posted on Apr, 16 2006 @ 12:05 AM
I started reading this thread hoping to observe - and perhaps take part in - a constructive discussion. Instead I've read through pages of mud
slinging. It seems to me that there are important points to be raised on both sides of the fence, so why resort to an argument which obviously has no
end game, rather than civilly debating the points of contention in order to broaden each side's understanding of the other?
If someone dedicates their life to the study of something - particularly something which may well decide everything from the beginning to the end of
people's lives - and spends years in the pursuit of that, it is to be expected that sweeping generalizations about them or their fellows will sting a
bit when mounted against them. Perhaps, if I may make this suggestion, it would be a more practical tactic for the sake of this very important (in my
view) discussion's continuance to be more tolerant of this personal factor whether it sits right with you or not, simply in the name of ensuring the
integrity of the discussion. To do otherwise would indicate to some that while having good intentions, the person making the generalizations might
care more about being right or winning at a disagreement than they do about sharing this information and carrying out this discussion, which is -
again, in my opinion - quite important.
Likewise, if someone has been witness to wrongdoing or even what some would call atrocious acts on the part of the medical community, then it is to be
expected - while not necessarily expressed via the wisest choice of words in all cases - that they are going to have negative preconceptions about
physicians and the organizational structures in and under which they operate, and that they will openly express these preconceptions. I disagree with
the stereotypes, however I do understand them and do not disagree with the sources of such stereotypes. As such, I feel that discussion and the
exchanging of views are the only way to make the perception more proportionate to the reality. Anger at the medical community or the injustices many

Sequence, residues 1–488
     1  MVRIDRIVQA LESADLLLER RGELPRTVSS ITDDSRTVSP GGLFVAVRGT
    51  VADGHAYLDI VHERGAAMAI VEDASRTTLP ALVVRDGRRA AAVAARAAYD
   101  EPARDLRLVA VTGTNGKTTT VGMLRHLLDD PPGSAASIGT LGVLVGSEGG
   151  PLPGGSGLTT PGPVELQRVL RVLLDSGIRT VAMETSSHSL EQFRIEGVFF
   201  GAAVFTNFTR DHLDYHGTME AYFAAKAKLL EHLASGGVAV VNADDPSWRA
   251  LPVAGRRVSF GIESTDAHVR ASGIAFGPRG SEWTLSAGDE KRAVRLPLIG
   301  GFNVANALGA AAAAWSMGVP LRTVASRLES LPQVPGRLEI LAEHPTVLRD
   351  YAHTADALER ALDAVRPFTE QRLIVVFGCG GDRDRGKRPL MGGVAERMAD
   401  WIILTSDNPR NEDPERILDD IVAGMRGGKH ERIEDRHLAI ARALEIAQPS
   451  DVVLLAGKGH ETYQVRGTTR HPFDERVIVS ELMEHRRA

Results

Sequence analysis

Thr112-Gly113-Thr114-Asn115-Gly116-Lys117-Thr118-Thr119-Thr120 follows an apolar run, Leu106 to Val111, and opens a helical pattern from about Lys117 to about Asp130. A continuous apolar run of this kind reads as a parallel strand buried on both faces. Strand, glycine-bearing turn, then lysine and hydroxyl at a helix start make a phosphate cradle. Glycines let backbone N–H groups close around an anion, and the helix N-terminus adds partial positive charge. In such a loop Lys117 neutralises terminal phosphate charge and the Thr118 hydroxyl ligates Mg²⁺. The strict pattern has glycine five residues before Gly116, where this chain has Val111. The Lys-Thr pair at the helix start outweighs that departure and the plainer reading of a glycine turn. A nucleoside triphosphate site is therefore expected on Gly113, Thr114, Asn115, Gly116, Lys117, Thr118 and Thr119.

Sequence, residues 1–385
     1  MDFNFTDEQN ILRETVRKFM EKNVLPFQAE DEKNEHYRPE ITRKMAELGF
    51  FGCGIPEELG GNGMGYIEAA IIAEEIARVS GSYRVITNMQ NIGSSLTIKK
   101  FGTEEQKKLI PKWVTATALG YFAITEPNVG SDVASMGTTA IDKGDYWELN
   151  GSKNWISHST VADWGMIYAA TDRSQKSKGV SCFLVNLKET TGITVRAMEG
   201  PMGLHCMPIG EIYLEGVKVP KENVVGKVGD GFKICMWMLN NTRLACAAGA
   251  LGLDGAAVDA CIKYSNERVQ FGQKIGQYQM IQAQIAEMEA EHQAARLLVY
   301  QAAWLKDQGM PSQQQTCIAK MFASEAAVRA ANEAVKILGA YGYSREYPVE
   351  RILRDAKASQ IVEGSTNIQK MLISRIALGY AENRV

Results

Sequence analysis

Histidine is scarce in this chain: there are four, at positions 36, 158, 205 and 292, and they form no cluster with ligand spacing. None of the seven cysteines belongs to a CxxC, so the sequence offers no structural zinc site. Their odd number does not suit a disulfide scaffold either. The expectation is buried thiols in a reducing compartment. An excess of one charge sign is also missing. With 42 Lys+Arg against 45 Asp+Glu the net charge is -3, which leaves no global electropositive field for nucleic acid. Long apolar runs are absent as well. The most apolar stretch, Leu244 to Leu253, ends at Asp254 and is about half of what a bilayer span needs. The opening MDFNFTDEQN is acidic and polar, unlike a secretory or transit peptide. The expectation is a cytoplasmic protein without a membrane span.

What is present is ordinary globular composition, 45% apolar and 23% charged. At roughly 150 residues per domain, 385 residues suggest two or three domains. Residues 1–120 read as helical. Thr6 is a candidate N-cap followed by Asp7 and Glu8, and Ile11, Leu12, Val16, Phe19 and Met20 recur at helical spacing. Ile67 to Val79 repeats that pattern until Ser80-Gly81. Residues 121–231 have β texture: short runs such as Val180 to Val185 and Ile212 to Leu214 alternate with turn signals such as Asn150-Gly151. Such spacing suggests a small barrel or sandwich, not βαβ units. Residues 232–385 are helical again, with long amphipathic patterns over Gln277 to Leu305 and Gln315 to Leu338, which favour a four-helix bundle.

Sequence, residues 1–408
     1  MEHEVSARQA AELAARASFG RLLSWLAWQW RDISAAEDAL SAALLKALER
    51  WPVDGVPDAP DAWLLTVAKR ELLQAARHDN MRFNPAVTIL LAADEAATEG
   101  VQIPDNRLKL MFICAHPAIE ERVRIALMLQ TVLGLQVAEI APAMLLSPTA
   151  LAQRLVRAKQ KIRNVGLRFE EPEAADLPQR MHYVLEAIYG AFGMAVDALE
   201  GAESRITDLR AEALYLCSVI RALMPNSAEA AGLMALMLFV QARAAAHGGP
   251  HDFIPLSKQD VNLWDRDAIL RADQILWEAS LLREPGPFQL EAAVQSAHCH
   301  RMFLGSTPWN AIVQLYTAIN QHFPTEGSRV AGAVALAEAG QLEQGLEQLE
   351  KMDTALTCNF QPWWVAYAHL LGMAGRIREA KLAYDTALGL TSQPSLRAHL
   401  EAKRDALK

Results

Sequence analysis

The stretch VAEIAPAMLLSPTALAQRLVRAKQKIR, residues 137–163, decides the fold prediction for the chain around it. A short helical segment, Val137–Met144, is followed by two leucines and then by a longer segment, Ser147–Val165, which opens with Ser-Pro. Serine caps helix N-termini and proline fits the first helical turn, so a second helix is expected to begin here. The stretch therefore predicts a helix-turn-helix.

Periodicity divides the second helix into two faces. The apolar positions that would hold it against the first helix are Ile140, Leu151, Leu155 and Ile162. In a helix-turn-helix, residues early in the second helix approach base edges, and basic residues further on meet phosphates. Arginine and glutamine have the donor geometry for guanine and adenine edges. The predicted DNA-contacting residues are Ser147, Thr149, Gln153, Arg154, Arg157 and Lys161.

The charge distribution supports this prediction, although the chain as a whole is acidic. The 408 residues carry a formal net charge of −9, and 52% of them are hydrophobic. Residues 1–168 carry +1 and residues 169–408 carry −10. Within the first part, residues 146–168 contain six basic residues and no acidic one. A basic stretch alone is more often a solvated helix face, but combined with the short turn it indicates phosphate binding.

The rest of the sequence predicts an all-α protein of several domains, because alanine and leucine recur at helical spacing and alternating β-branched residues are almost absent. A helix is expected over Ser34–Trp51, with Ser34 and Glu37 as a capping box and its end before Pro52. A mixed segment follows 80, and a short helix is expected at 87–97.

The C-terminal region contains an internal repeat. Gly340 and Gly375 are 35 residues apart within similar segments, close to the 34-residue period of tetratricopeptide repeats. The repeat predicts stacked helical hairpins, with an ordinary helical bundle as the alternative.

see them as having committed can make it difficult for some people to trust physicians, or to refrain from shoehorning all of them into the category
of money grubbing individuals with little true regard for patients' wellbeing. While wrong in my opinion, such stereotypes are born as the result of
real experiences by many, and anyone studying medicine must be prepared to encounter such generalizations, and not to rise to the bait laid by those
who hold fast to them.
All of that having been said, I would like to return to the topic at hand by suggesting the possibility that one reason for these perceptions -
despite the fact that I do believe there are some nefarious activities on the part of the AMA and other medically oriented bodies - is that even the
most compassionate of doctors can become complacent in their work, and allow it to become a routine. This happens with most any job, and there is no
reason to believe it doesn't occur in the case of medical professionals. If you sell shoes, this might not be too huge a problem. However, if you are
responsible for the wellbeing or even survival of a person, it can create the impression - either real or inferred - that you don't truly care about
the patient. If we expand this to the profession as a whole (not every physician, obviously, but the overall impression given by the profession at
large) then we can begin to understand why so many might be distrustful of doctors even in those cases where evidence of wrongdoing isn't
present, whether it's right or not.
I believe another problem is the sheer amount of anatomical data physicians must have a firm grasp of. Suffering is subjective, and it is possible for
even the most genuinely caring of doctors (even if only in subtle or even subconscious ways) to perceive great suffering from the patient's
perspective as less complicated or serious from their own. This also sometimes inhibits doctors against flexibility and innovation while at work
(which can also result from insurance HMOs, and other factors) because universal reliance on accepted standards can blind one to facts and functions
which defy those standards. My own health problems fall in one of many such grey areas, and the excessive adherence to those standards has made my
life quite difficult because my doctor(s) refuse to allow for possibilities that may be at the root of my ailments.
I feel that one solution to many of these issues would be a twofold approach combining greater patient education, and greater physician emphasis on
empathy and the relative nature of suffering. I know doctors are already instructed with regard to this, but I feel it has taken on less proportional
importance than it has been afforded in the past as the range of subjects physicians are exposed to continues to grow exponentially, and as the
industry in which they work becomes more and more bureaucratic.